Under the bill, SIM card subscribers will be required to register their SIM cards along with any government-issued identification document. However, the bill does not state that it will directly give the government access to subscriber data.

Claim: The government will have direct access to subscriber data under the SIM Card Registration Bill.

 

Rating: FALSE 


Kabataan Partylist Rep. Raoul Manuel claimed that the government will have direct access to subscriber data under the SIM Card Registration Bill.

Manuel is a Filipino youth activist and politician with over 16,500 followers on Twitter. As of writing, his post has received more than 1,000 retweets, nearly 300 quote tweets and more than 6,000 likes.

He tweeted the following last Sept. 5, the same day the bill was approved at the committee level: “Ready na ba kayo na isuko sa gobyerno ang details and transactions na connected sa SIM card ninyo?”

Manuel’s claim, however, is false. 

In an explanatory note, the authors of House Bill 14 (the Subscriber Identity Module [SIM] Card Registration Act), Speaker Martin Romualdez, Alexander “Sandro” Marcos, Yedda Marie Romualdez, and Jude Acidre, wrote that the purpose of the bill was to lessen and prevent criminal activities aided by unregistered mobile SIM cards.

“The increase in connectivity through affordable SIM Cards and mobile phones has made government service delivery more efficient and possible in the far-flung areas of the country. However, we are also conscious of the fact that the accessibility of SIM Cards has encouraged unscrupulous actors to take advantage and use this in the commission of criminal acts,” Acidre said.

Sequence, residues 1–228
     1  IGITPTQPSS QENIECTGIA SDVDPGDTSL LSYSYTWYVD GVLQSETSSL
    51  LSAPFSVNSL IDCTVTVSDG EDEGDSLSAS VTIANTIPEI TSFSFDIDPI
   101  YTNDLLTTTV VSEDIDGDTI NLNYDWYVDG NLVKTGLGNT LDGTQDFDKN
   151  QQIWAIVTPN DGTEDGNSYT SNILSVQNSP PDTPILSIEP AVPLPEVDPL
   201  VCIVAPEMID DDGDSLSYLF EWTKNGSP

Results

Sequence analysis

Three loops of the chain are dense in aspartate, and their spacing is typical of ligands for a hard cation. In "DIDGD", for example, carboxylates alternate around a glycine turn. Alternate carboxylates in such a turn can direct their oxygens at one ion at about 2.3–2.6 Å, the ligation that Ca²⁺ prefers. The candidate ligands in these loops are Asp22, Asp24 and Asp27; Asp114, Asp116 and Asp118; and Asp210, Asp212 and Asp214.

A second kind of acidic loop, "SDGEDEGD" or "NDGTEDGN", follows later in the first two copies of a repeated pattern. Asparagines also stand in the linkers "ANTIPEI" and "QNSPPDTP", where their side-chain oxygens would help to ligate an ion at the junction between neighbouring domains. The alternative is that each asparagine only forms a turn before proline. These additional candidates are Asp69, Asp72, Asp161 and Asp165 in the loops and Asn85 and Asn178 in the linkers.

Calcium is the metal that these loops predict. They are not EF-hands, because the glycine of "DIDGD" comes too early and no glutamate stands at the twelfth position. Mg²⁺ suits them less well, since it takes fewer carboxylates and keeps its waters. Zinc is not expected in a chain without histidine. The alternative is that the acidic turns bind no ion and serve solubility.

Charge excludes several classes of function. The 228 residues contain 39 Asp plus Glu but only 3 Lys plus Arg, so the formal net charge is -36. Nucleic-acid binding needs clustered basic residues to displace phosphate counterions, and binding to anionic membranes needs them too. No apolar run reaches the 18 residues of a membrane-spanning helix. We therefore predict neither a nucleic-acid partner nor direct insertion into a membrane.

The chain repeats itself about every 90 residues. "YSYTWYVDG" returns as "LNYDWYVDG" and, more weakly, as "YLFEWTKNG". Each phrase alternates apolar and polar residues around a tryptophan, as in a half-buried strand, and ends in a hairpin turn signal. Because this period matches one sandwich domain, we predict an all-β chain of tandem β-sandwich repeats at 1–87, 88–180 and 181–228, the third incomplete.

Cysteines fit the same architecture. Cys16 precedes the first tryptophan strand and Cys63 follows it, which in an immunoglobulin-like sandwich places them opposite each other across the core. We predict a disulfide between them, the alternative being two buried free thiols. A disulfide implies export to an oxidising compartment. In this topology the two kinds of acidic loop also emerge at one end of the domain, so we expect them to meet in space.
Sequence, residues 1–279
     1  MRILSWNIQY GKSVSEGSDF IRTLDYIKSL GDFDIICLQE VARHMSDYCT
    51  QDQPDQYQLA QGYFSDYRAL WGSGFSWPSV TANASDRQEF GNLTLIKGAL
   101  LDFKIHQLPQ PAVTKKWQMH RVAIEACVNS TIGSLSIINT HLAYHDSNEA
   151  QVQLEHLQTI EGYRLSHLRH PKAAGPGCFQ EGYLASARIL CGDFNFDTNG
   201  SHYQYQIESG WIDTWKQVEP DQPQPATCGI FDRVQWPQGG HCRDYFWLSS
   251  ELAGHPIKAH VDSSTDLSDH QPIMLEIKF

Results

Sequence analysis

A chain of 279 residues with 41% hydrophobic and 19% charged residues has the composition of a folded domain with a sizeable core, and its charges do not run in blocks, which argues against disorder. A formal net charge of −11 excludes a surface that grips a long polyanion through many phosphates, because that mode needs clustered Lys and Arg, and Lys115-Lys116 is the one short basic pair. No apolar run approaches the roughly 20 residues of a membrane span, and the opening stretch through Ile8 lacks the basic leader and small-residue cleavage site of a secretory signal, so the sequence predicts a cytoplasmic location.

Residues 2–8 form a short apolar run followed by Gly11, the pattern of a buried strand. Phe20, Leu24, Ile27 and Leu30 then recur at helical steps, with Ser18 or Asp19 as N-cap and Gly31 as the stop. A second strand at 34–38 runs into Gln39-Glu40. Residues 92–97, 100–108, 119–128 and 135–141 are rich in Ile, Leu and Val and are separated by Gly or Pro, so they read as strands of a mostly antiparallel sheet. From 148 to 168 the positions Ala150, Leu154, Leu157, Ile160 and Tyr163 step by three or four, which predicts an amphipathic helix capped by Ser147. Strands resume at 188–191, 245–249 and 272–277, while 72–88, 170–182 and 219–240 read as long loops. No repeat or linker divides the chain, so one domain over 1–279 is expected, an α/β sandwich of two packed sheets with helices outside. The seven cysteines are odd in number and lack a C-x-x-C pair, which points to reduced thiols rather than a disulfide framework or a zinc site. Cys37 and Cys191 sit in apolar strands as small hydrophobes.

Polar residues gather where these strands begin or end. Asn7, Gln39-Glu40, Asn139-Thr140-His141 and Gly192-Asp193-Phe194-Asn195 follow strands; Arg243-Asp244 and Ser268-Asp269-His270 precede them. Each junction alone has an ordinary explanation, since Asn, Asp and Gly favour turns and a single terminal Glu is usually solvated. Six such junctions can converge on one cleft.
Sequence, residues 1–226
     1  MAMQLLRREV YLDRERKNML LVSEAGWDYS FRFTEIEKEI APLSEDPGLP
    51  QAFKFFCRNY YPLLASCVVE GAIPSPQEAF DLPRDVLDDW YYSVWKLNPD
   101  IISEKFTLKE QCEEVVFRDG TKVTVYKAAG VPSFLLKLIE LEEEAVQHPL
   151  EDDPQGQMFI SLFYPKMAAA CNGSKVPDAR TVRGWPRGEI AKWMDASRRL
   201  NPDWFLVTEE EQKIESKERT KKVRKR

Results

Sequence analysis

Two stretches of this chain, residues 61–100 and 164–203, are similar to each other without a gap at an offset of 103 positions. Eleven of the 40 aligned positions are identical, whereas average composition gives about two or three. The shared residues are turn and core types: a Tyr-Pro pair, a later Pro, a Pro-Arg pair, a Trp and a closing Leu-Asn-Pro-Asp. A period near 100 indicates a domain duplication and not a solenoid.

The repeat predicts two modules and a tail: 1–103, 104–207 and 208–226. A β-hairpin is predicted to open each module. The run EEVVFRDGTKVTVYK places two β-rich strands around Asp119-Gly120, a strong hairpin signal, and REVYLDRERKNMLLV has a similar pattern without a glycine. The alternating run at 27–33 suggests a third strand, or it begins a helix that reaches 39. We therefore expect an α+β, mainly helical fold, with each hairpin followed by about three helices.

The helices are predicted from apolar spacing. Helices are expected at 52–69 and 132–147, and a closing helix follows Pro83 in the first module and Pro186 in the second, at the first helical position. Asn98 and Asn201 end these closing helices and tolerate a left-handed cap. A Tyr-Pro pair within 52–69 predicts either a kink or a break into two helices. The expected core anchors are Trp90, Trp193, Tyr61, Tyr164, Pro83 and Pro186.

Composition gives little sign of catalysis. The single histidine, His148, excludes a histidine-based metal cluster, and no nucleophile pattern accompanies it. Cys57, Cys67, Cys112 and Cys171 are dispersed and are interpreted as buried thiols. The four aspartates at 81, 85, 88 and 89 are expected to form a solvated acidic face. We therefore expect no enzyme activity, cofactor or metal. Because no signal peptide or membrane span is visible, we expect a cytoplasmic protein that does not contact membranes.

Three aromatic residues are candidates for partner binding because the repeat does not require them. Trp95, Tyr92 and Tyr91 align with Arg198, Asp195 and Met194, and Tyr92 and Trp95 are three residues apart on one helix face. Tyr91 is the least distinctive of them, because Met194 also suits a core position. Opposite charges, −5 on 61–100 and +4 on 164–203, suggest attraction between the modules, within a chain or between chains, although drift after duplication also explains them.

Under the provisions of the proposed SIM Card Registration Act, every public telecommunications entity (PTE) or authorized seller must require their end-users or subscribers to accomplish and sign a control-numbered registration form issued by the PTE.

The registration will require the subscriber’s name, date of birth, gender, and address as appearing in a valid ID with a photo, and the assigned mobile number and serial number. 

The bill did not provide for direct government access to subscriber data.

In fact, it has a confidentiality clause that states: “Any information in the SIM card registration shall be treated as absolutely confidential, unless access to information has been granted upon written consent of the subscriber.”

The bill does not state that a subscriber would give up one’s details and transactions to the government once the SIM is registered.

Manuel did mention the risks posed by the fragile cybersecurity system of the Philippines.

“The mobile numbers are under the control of service providers, and given that we don’t have a strong cyber security mechanism in place, our data could be used by those people who have our information. There could be a leak,” Manuel was quoted by GMA News and One News as saying.

Manuel said he would submit a dissenting opinion to the committee report and elaborate his position in plenary deliberations. – Jessie Rival

This fact-check was produced by PressOne.PH as part of a fact-checking grant from the Philippine Fact-Checker Incubator (PFCI) Project. The PFCI supports news organizations to allow them to meet global fact-checking standards under the International Fact-Checking Network’s Code of Principles. 

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